Berkowitz: But you said you are opposed to it [that bill]?I streamlined it--I gave you an example-- if we could keep it narrow, talking about the examples I gave and if we banned discrimination in those [two] instances, would you still be against the law?

Rauschenberger: Probably, what it comes down to, you have a lot of choices in America, and that is a healthy thing, you can choose to be a lot of things--life style choices should not obligate other people to accommodate you, we are an at will free employment country- I mean your employer should be able to make decisions about who they hire to represent them to do things.

Berkowitz: So you want employers to be able to fire people if they want to do so because that person is homosexual. You want the law to allow that?

Rauschenberger: No, they have the rights that anybody else has.

Berkowitz: They do now. The question is--people want laws to prevent that, and you are saying you oppose those laws.

Rauschenberger: I am against carving out special protections under our Human Rights Act for preferences and choices. I don't think people who drive Volvos, people who--

Berkowitz: You would not want to have same sex marriage. Is that right?

Rauschenberger: No. I think marriage is an institution that is designed to be between a man and a woman. I support the President's view on that.

Berkowitz: I want to go to education. You would support school vouchers? If you were a United States Senator, you would like to see school choice [vouchers] in Washington, DC. [The U. S. House passed, by a margin of two votes, school vouchers for Washington, DC on Sep. 5].

Rauschenberger: : Yes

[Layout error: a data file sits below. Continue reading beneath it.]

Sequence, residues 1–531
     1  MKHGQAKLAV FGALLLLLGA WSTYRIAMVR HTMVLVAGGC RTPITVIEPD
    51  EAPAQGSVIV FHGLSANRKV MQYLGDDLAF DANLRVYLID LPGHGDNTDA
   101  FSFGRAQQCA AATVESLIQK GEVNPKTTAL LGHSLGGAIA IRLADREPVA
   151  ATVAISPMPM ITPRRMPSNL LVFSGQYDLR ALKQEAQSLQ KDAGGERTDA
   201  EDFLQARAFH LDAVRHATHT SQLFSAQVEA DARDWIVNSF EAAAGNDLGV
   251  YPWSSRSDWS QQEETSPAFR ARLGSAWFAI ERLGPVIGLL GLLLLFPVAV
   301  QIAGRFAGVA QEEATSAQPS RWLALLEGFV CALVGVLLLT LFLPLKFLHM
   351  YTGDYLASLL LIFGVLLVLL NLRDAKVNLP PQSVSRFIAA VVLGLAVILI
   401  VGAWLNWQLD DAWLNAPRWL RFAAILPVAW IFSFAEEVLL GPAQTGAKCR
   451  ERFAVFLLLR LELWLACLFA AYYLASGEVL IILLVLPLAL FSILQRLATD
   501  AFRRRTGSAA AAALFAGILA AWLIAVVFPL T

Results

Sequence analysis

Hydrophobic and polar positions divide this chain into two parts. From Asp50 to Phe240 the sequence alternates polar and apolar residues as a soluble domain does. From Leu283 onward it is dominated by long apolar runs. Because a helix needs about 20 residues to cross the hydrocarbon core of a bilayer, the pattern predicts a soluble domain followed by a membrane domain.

Berkowitz: And, if you could, would you like to promote school choice in the City of Chicago?

Rauschenberger: Yes, I voted three different times to support voucher--

Berkowitz: Nationally, would you like to promote it. Would you like to use the arm of the federal government to promote school choice, school vouchers in local school districts?

Rauschenberger: Thoughtfully and carefully, as long as the federal government is willing to provide some of the funding. One thing I am not comfortable with are federal mandates out of [Washington,] DC.

Berkowitz: Are you comfortable with No Child Left Behind?

Rauschenberger: No, that is a work in progress. It is a giraffe with an elephant's body.

Berkowitz: Right. The whole idea [of No Child Left Behind] is to give choice within the public school system. It [the legislation] said that recently 270,000 students in the City of Chicago [Chicago Public School system] would be eligible for choice. Of course, about 20,000 students applied [knowing that hardly anyone was going to be allowed to transfer to another school] and they [the CPS] are going to have only 1,000 students transfer [within the public schools] out of a total of 438,000 students [in the CPS]. Legislation brought to you courtesy of [Senator] Ted Kennedy and [President] George W. Bush. Not one of George W. Bush's proudest moments, would you say?

Rauschenberger: No, and if you take a look at what was done with "No Child Left Behind" in Texas, it worked. You can't take the vision of Ted Kennedy and merge it to the public policy of George Bush and come out with anything that works.

Berkowitz: Kind of a lumpy horse.
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State Senator Steve Rauschenberger (R- Elgin), interviewed on "Public Affairs," September 4, 2003
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For six years, Jeff Berkowitz has hosted and produced, "Public Affairs," a cable television show airing (a) weekly throughout the City of Chicago on Ch. 21 (Every Monday night at 8:30 p.m.) and (b) in 34 North Shore, Northwest and West suburbs on Comcast Cable. See, below, for the suburban airing schedule.

The suburban edition of "Public Affairs" airs three times each week on Monday, Wednesday, and Friday at 8:30 p.m. on Comcast Cable Channel 19 in Winnetka, Bannockburn, Deerfield, Ft. Sheridan, Glencoe, Highland Park, Highwood, Kenilworth, Lincolnshire and Riverwoods.

The suburban edition also is broadcast every Tuesday at 8:30 p.m. on Comcast Cable Channel 19 in Buffalo Grove, Elk Grove Village, Hoffman Estates, Lincolnwood, Morton Grove, Niles, Northfield, Palatine, Rolling Meadows and Wilmette and every Tuesday at 8:30 p.m. on Comcast Cable Channel 35 in Arlington Heights, Bartlett, Glenview, Golf, Des Plaines, Hanover Park, Mt. Prospect, Northbrook, Park Ridge, Prospect Heights, Schaumburg, Skokie, Streamwood and Wheeling.